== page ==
In 2011, the average time from referral of works to report tabling was 15
weeks. The average of 15 weeks is more typical for inquiry completion than the
figure of nine weeks for the year 2010. There were extenuating circumstances in
The inquiry process allows time for public comment on proposed works, and
for the Committee to inspect the proposed work site(s) prior to holding public
and private hearings to take evidence about the works. The Committee also
considers the parliamentary sitting calendar when planning its inquiry
timetable to ensure that reports can be finalised and tabled promptly when both
houses of Parliament are sitting.
The Committee raised this issue with the Department of Finance and
Deregulation, suggesting that it would assist the work of the Committee if
agencies were to be able to refer works out of session.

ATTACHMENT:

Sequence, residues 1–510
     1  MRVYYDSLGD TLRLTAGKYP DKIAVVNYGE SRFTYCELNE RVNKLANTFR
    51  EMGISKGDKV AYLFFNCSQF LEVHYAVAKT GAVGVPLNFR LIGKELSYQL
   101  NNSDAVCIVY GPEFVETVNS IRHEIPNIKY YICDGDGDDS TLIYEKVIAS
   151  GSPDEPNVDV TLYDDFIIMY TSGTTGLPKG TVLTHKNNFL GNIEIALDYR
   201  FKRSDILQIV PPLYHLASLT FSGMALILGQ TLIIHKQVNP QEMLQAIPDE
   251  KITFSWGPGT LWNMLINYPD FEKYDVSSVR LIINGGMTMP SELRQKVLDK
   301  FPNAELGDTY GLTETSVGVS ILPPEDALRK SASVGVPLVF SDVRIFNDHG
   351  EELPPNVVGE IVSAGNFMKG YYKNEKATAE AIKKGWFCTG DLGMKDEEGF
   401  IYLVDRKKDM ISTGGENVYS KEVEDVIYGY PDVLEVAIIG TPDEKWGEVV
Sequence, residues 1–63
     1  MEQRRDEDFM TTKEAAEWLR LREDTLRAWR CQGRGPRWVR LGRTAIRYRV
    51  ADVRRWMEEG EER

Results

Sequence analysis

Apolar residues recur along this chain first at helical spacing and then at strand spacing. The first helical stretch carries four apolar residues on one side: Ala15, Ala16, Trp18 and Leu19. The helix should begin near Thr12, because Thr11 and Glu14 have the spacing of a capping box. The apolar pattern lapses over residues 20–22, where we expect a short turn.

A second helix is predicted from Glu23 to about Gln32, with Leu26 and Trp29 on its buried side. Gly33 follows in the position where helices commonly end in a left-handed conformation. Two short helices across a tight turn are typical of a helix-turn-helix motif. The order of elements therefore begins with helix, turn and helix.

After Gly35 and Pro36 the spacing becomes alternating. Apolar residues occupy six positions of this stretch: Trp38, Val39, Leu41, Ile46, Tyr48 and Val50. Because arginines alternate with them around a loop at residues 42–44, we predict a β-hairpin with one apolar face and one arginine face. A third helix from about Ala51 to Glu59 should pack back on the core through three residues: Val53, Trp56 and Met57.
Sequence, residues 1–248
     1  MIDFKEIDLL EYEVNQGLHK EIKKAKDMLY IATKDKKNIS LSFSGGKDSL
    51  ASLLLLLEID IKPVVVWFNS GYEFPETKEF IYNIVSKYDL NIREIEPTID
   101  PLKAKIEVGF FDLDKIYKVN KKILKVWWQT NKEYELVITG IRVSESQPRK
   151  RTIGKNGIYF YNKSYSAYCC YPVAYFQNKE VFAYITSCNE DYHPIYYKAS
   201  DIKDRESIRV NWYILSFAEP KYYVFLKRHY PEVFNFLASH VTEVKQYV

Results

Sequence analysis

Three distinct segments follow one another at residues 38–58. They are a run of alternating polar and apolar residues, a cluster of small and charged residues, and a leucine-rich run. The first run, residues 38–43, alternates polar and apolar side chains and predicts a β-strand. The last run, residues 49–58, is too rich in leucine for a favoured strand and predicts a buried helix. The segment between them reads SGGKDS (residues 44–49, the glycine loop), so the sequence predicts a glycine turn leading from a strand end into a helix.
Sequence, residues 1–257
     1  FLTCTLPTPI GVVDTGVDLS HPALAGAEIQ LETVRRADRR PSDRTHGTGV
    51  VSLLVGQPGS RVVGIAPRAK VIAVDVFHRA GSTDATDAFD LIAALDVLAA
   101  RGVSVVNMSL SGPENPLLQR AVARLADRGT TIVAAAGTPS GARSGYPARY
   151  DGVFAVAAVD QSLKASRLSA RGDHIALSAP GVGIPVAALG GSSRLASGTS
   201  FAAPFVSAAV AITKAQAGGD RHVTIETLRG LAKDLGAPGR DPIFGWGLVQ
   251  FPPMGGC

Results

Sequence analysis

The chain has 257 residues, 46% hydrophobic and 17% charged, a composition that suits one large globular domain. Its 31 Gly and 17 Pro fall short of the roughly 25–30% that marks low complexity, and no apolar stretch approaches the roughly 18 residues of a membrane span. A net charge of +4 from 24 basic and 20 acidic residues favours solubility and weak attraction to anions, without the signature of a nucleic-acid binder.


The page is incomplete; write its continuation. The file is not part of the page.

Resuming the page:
Substantial breaks in the parliamentary sittings and federal elections
can delay projects. It is essential that agencies consider possible delays in
their project planning, and include appropriate contingencies. The Committee
does not condone any breach of its Act due to such delays.
The Committee continues to publish a list of medium works notifications on
its website. The current list includes all works approved since the beginning
of the 43rd Parliament.
The Committee reminds Australian Government departments, agencies and
authorities of their obligations under the medium works process. This process forms
an important part of the parliamentary scrutiny of Commonwealth public works
It is incumbent upon departments to ensure that all agencies within the
portfolio are aware of the Committee’s role and processes. Further, departments
must provide all necessary assistance so that smaller agencies may fulfil their
obligations to the Committee and the Parliament.
The Committee’s manual gives clear instructions about the medium works
process, and the Secretariat is always available to give additional information
about the process to agencies. Agencies should contact the Secretariat well
ahead of time, as the parliamentary calendar has a significant impact on the